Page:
Finland’s Defence Minister Jussi Niinistö (Blue) says he will have to “think very carefully” about any future export orders for military equipment destined for Middle East conflict zones.
He made the comments to state broadcaster YLE on their Tuesday evening news, after an investigation by News Now Finland uncovered the first evidence of Finnish-made Patria vehicles deployed to parts of Yemen where the United Nations says scores of civilians have been killed.
Finland exported Patria AMVs to the United Arab Emirates in 2008 and 2015, and these orders have a been a case of ‘plausible deniability’ for the Finnish government, which says the export sales were approved before anyone knew the extent of fighting in Yemen.
However, this year Finnish ministries twice approved the export of spare parts to the Emirati military to keep the Patrias on the road – in January and July – despite warnings from the UN and aid agencies that tens of millions of people in Yemen are in dire need of help as the humanitarian crisis unfolds; and that civilians were routinely being killed in battles between a Saudi Arabia-Emirates Coalition, and rebel Houthi fighters.
Speaking in a phone interview, Niinistö told YLE that he couldn’t say for sure when the Patria vehicles seen in news crew footage were exported to UAE’s military.
“We can’t say, based on the estimates that have been in public, that which of these batches, the one that was exported ten years ago or the newer batch, if they have been used in the Yemen crisis. But on the other hand, we can’t confirm that they haven’t been used either” said Niinistö.
“Based on this information off course we need to think very carefully if there are orders to that part of the world, I don’t have information that there would be anything special in the near future, so off course we have to use a very strict or precise case-by-case evaluation of those” he explained.
First confirmed evidence of Patrias in Yemen
The video of Patria vehicles as part of a larger convoy of military hardware, was filmed by Sky News Arabia and, separately, by Emirates News Agency on 12th August 2018 heading towards the port city of Hudaydah in western Yemen.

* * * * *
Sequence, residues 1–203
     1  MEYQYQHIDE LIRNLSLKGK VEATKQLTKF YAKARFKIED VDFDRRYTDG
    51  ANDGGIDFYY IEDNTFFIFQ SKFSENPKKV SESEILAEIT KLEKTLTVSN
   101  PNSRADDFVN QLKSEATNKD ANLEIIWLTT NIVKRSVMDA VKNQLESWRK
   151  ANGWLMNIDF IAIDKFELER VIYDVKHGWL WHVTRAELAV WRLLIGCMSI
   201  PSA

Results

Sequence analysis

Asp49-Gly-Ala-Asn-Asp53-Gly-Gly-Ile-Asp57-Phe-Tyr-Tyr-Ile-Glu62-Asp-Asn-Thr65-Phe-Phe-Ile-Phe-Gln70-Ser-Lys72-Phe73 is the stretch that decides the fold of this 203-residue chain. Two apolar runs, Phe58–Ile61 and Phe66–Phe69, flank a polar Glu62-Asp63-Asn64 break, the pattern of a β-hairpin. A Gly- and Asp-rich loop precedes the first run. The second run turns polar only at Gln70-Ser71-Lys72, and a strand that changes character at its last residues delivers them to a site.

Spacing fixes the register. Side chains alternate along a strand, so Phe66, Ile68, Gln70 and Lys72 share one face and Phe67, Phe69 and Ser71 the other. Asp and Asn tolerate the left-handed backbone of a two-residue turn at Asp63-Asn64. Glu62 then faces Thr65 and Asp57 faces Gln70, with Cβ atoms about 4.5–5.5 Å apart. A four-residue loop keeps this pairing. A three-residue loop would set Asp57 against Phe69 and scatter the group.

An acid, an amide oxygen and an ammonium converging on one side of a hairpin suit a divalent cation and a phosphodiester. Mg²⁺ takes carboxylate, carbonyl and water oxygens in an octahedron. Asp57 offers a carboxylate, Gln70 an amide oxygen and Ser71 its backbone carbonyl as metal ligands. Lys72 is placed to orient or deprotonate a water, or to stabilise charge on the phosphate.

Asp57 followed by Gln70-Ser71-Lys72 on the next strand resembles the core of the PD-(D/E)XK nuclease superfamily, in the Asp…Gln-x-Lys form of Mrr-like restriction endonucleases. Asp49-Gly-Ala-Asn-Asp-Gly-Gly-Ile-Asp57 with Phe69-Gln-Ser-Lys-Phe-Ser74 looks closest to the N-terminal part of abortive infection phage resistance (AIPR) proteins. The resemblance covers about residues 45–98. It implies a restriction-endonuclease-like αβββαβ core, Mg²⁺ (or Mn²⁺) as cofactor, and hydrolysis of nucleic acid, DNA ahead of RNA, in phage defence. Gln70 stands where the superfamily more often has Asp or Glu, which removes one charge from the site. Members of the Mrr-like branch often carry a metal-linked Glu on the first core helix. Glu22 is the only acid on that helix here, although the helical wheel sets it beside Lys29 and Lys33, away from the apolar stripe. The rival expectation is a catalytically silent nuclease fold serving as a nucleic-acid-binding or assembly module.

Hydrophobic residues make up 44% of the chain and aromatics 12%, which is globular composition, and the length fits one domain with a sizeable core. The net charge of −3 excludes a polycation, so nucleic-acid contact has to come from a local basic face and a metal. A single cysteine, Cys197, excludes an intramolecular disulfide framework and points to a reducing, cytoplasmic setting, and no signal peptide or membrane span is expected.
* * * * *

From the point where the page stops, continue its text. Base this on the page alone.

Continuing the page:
One of the AMVs was equipped with a light remote control machine gun, made by a local Abu Dhabi company called IGG. However the other Patria was fitted with a Russian weapons turret, originally designed for a BMP-3 infantry fighting vehicle used by the Russian military.
Patria says they export the vehicles without weapons, and it’s up to the receiving customer how they upgrade and deploy them.
“Each country and its Armed Forces will decide how they use the provided materiel or equipment in their military operations. For any company it is not possible to restrict that by agreements” says Patria’s Birgitta Selonen.
Situated on Yemen’s Red Sea coast, Hudaydah plays a critical role in bringing in supplies of food for the estimated 22 million Yemenis in need of humanitarian assistance.
Hudaydah has been in the hands of Houthi rebel fighters since the end of 2014, and gaining control of the city is a key priority for Yemen government forces and the Saudi-led coalition propping them up.
In June, Coalition forces launched a new effort to take back the city but stopped short of a full blown ground invasion. Airstrikes damaged water plants and hospitals, and sporadic outbreaks of cholera stalked the residents who hadn’t already fled. The UN’s Humanitarian Coordinator in Yemen Lisa Grande said in July that Hudaydah was just “one airstrike away from an unstoppable epidemic”.
After a brief ceasefire in July, Saudi and Emirati forces pushed ahead with another offensive just a few weeks later.
Official reaction and media reaction
Since our investigation was published in the early hours of Monday morning, the story has gained a lot of attention from Finnish media and politicians alike, and prompted a public debate about the role Finland plays in exporting military hardware, know-how and spare parts to conflict regions.
Finland has also spent at least €5m on humanitarian aid to Yemen in the last 18 months, through the Ministry of Foreign Affairs. That same ministry is part of the export approval process, and both the Ministry of Defence and state-owned Patria say they rely on the Ministry of Foreign Affairs to give them geopolitical guidance before exports are approved.
“Before granting a licence Ministry of Defence shall establish with the Ministry of Foreign Affairs that there is no foreign and security policy obstacles to granting a licence. In this
particular case, Ministry of Foreign Affairs informed that there is no foreign and security policy obstacle” to exporting spare parts for Patria vehicles in July, the Ministry of Defence tells News Now Finland in a statement.
Versions of our reporting were picked up by all the main Finnish media outlets including state broadcaster YLE which covered it online and on television in Finnish and Swedish; MTV Uutiset; the country’s largest daily newspaper Helsingin Sanomat; STT Finnish news agency; Ilta Sanomat tabloid newspaper, and numerous smaller newspapers all across the country.
Politicians like Left Alliance leader Li Andersson, former Green Alliance presidential candidate Paavo Arhinmäki and several other Green MPs also shared our investigation on social media, and called on the government to stop military exports to the region.